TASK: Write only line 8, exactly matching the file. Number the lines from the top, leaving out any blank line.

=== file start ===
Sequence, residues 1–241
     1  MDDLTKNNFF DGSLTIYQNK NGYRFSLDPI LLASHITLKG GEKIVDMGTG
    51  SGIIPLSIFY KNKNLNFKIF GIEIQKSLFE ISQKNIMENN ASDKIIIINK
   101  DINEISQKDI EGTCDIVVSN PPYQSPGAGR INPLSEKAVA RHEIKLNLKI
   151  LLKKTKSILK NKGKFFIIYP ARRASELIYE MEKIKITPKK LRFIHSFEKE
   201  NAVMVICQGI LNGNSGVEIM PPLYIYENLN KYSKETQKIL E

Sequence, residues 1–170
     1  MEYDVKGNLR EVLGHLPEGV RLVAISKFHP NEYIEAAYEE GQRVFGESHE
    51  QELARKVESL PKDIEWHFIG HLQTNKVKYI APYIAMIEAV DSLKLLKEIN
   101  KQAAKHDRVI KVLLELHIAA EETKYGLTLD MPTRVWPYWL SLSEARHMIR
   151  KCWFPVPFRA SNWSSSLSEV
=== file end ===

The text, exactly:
     1  MEYDVKGNLR EVLGHLPEGV RLVAISKFHP NEYIEAAYEE GQRVFGESHE